Editor's Note: This story is part of a weekly analysis of the logistics industry's latest statistics. See an overview in our data hub.
- Ocean freight rates from China to the U.S. East Coast fell 0.71%, while transpacific rates rose 2.02% in July, compared to June's figures, according to data from the Freightos International Freight Index.
- The diverging trends suggest differences in the two coasts' supply-demand balance as peak shipping season nears. As of May, ports on both coasts experienced a third consecutive month of growth in loaded imports.
- However, a year-over-year comparison of rates shows a steady decline of prices to the U.S. East Coast and a steady rise for the West Coast. Compared to 2016, rates to the West Coast fell 15% and 6.09% in June and July, respectively, while they rose 8.80% and 11.42% when shipping to the East Coast.
The ocean shipping landscape is far different today than it was a year ago, and the changes are affecting rates to the U.S., albeit differently depending on the coast.
In the past 13 months, ocean carriers have undergone a new wave of consolidation, some have gone bankrupt, the Panama Canal has expanded, and the global economy has shown signs of recovery despite adverse trade environments. Altogether, these factors indicate that the industry is on the cusp of a change in the shipping cycle — the market dynamic that raises and depresses rates according to the state of the industry.
Last year certainly seemed to be the trough of the cycle. The first three steps leading to the trough, or the "lower phase" according to the United Nations' Economic Commission for Latin America and the Caribbean, involve severe declines in "freight rates, industry revenues and profits," leading to an increased in idled and scrapped ships. At some point however, circumstances change and a growth in demand begins to outpace the growth in supply. Eventually, this will lead to higher rates and a renewed period of profitability for the industry.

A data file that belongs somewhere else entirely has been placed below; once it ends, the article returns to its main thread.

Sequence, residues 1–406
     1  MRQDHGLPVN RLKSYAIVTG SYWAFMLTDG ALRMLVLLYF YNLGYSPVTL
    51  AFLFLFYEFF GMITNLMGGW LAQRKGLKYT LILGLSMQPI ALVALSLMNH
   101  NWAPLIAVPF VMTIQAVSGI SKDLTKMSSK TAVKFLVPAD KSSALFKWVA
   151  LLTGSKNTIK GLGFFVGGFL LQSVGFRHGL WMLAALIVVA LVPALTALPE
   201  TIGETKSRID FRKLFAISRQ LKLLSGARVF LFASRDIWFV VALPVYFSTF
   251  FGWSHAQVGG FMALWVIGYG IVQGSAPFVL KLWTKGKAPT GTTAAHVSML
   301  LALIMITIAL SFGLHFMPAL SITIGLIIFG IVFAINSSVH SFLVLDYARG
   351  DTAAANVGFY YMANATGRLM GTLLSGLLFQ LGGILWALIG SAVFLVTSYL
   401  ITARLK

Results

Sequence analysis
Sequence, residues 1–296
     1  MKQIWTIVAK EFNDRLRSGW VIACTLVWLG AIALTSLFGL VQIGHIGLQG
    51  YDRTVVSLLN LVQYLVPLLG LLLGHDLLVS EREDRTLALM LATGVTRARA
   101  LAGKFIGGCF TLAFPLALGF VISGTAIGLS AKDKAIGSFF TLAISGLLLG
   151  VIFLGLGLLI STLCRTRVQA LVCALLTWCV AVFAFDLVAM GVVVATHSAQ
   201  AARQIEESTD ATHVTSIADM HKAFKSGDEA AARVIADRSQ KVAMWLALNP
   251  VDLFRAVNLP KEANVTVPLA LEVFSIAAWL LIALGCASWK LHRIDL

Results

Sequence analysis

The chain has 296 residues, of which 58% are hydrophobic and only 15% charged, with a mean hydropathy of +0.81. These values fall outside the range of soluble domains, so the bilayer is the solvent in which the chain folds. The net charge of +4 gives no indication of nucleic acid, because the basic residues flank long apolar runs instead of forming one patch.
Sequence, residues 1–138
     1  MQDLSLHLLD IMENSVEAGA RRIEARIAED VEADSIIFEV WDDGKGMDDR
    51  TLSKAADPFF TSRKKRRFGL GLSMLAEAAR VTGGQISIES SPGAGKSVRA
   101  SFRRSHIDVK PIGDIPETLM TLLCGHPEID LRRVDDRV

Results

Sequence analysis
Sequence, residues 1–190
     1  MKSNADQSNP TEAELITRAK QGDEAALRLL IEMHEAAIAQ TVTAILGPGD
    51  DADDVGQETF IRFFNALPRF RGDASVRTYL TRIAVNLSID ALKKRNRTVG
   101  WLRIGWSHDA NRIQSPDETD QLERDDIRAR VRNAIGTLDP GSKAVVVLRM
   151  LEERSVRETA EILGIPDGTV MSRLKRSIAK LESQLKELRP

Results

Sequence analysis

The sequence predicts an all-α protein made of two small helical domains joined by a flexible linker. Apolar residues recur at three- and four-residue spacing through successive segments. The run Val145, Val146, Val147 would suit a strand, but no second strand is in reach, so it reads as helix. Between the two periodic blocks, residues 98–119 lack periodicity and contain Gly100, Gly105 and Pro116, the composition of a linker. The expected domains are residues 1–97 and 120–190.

The most recent figures show this is beginning to occur as ports on both coasts see a rise in demand, which will begin to catch up to supply.
In the East Coast, less accustomed to large volumes and vessels, this shift may be the cause of significantly higher rates already. Yet in the West Coast, little has changed beyond the actors, potentially explaining the lag in rate increases. In addition, Freightos' index calculates base spot rates and may not include the peak season surcharges carriers are beginning to impose.
Regardless, if these trends continue over the next few months, it would suggest a clear change in the shipping industry's path. If that is the case, and the shipping cycle holds, shippers would do well to begin preparing for consistent increases in rates before long.